May 21, 1950, while on a trip as a third-class passenger from New York to
Palermo, Sicily, and while ascending a staircase on the ship from C deck,
where his cabin was, to the toilet facilities on B deck, he was suddenly struck
from behind upon his head by an unidentified assailant and rendered
unconscious. On these alleged facts he asserted negligence on the part of the
ship in failing to furnish watchmen to protect passengers from assault.
Defendant, on the other hand, while denying any negligence, contended that
there was no assault and that plaintiff was seized with a fit of dizziness while
ascending the staircase, and fell, striking his head. These conflicting issues
were duly presented to the jury, together with the also conflicting testimony as
to the nature of the care received by plaintiff after his injury. The jury, after an

appropriate charge and apparent careful consideration of the issues, as shown


by their questions on return for further instruction, then brought in the
defendant's verdict from which the appeal is taken. The only error relied upon,
since the trial was otherwise altogether appropriate, was the action of the judge
in admitting in evidence an entry by the ship's doctor in what seems generally
referred to as the doctor's "log" or "journal." This entry, the doctor testified,
was made in the regular course of his employment while plaintiff was in the
ship's hospital. It is in Italian, but the interpretation as agreed upon is the
following, appearing after the date, May 21, 1950, and the plaintiff's name: "At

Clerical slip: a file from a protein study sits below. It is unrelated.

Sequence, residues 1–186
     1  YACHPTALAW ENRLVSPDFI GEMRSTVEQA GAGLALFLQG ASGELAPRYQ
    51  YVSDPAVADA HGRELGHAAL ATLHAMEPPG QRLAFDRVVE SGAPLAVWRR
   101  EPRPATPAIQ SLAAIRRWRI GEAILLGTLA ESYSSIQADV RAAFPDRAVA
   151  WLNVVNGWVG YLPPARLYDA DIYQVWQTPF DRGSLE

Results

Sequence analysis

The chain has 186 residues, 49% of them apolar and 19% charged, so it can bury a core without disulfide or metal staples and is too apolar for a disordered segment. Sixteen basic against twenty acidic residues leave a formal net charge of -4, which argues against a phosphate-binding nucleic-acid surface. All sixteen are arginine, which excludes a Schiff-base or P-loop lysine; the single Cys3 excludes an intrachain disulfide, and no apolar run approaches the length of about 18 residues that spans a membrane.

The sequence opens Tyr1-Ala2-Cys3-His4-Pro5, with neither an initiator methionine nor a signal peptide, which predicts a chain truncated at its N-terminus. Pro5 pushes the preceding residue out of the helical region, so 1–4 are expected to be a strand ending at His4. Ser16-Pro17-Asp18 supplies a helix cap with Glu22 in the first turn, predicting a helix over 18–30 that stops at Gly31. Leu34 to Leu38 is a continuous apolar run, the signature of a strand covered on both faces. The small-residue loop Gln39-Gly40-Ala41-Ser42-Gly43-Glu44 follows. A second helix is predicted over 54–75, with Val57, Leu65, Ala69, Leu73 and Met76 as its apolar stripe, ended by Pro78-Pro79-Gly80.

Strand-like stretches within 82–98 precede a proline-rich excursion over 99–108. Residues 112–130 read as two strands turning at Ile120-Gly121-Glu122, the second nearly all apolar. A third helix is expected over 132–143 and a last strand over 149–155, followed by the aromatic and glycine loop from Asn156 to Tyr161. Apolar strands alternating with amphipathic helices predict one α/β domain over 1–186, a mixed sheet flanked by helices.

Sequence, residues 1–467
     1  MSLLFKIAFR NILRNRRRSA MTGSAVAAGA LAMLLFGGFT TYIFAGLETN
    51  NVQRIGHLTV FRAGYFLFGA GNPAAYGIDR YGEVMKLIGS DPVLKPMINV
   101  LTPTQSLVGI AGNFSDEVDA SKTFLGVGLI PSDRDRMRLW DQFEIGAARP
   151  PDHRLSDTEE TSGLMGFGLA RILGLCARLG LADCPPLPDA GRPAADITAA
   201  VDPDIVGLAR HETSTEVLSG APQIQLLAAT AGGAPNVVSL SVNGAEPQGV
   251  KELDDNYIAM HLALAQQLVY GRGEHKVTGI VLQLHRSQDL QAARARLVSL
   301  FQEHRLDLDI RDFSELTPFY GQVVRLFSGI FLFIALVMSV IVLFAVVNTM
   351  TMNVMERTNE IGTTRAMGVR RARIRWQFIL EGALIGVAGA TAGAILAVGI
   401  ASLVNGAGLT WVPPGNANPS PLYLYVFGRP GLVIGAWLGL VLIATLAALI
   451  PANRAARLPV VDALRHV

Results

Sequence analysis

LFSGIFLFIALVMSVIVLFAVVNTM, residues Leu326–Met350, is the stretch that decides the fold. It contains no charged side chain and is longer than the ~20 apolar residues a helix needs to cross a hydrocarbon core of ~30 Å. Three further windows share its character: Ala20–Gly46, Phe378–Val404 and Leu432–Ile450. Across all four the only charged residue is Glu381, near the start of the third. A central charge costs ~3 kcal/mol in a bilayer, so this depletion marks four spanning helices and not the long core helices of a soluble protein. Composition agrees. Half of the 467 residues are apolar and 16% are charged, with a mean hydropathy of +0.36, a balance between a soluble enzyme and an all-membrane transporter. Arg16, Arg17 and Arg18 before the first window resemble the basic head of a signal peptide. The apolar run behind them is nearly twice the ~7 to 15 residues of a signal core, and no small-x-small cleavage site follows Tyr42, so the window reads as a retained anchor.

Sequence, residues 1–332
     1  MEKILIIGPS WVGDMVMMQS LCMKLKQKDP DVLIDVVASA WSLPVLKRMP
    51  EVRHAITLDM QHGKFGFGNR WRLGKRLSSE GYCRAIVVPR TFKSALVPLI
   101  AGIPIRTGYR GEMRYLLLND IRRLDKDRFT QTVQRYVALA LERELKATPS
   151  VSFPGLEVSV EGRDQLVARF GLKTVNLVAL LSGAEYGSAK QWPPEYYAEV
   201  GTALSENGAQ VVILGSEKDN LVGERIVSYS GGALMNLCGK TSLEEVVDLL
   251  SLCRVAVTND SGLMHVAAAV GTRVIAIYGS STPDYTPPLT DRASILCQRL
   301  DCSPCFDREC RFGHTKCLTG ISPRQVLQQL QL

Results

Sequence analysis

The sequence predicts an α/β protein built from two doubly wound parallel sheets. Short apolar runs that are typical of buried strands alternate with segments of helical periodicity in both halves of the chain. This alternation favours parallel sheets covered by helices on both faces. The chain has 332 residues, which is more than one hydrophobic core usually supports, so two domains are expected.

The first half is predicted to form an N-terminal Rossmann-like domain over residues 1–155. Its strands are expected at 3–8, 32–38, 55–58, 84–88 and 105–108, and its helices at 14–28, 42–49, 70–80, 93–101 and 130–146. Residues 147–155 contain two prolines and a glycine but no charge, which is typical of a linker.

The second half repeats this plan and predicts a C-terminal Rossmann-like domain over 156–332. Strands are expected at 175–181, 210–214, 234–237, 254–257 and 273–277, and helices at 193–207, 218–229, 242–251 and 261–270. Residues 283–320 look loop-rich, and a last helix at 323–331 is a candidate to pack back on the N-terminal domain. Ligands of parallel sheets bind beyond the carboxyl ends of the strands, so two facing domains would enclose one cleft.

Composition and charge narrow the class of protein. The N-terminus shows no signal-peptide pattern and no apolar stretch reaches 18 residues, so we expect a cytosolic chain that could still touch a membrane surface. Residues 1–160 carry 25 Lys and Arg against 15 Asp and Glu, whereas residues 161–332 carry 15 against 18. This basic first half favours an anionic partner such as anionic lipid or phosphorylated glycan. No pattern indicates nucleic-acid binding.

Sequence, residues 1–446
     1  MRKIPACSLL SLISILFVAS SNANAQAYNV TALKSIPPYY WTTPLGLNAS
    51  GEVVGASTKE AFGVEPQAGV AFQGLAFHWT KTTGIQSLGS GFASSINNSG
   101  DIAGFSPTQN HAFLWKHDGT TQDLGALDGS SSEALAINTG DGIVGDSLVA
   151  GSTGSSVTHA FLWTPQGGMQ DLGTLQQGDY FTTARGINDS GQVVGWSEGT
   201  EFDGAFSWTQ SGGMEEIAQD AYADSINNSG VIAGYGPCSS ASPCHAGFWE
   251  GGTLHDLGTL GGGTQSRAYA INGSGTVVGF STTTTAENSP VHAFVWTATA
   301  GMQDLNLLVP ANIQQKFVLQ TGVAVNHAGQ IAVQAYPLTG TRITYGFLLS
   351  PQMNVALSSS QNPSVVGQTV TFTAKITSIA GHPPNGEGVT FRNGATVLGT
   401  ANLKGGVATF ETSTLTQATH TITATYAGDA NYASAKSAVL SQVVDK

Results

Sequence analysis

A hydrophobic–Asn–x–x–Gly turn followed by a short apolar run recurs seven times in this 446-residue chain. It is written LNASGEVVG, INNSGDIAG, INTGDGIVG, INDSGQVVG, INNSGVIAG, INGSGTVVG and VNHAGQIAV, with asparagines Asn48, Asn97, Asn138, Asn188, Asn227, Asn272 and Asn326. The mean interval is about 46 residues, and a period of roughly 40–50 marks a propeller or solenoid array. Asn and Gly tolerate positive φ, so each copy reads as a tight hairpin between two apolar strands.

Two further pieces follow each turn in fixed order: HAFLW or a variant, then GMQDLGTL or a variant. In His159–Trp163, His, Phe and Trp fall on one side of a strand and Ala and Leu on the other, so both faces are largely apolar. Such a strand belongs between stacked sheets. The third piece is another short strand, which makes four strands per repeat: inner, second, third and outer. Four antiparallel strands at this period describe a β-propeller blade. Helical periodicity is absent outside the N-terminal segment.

6.15, while returning to the cabin on Deck C (after having been in the toilet on
Deck B) was caught by sudden dizziness and fell on the stairway, striking his
head on the steps." There followed statements describing the head wound or cut
and referring to a "Fairly accentuated or fairly pronounced shock." Overruling
the plaintiff's vigorous objections the court admitted these statements as entries
in the regular course of business made admissible by the Business Entries
Statute, 28 U.S.C. 1732.
4

Plaintiff now challenges this ruling on the basis of Palmer v. Hoffman, 318 U.S.
109, 63 S.Ct. 477, 87 L.Ed. 645, 144 A.L.R. 719. We need not stop to consider
whether that case has been limited by later precedents, since the situation here
is quite different. There the statement in controversy was made by the engineer
who was alleged to have caused the accident in issue and was made after the
event for the purpose of ensuing litigation. Here, however, is a timely entry
made by a doctor whose job it was to make such entries, and its admissibility is
settled by numerous precedents. Among these we may cite Tucker v. Loew's
Theatre & Realty Corp., 2 Cir., 149 F.2d 677, 680 (citing earlier cases); Pekelis
v. Transcontinental & Western Air, Inc., 2 Cir., 187 F.2d 122, 129-131, 23
A.L.R.2d 1349, certiorari denied Transcontinental & Western Air, Inc. v.
Pekelis, 341 U.S. 951, 71 S.Ct. 1020, 95 L.Ed. 1374; Korte v. New York, N. H.
& H. R. Co., 2 Cir., 191 F.2d 86, certiorari denied New York, N. H. & H. R.
Co. v. Korte, 342 U.S. 868, 72 S.Ct. 108, 96 L.Ed. 652; and Landon v. United
States, 2 Cir., 197 F.2d 128, 130. Plaintiff's claim that the entry was
manufactured or doctored goes to weight and not admissibility, and was
thoroughly aired at the trial.

In view of what appears thus to be its clear admissibility under the statute and
the cases we do not need to consider other grounds urged by the defendant,
such as that it was a ship's log admissible under the rule referred to in Lopoczyk
v. Chester A. Poling, Inc., 2 Cir., 152 F.2d 457, and Naylor v. Isthmian S. S.
Co., 2 Cir., 187 F.2d 538, that it was merely cumulative of other adequate
evidence, and that plaintiff waived his objection by agreeing to the
interpretation as received in evidence.

Judgment affirmed.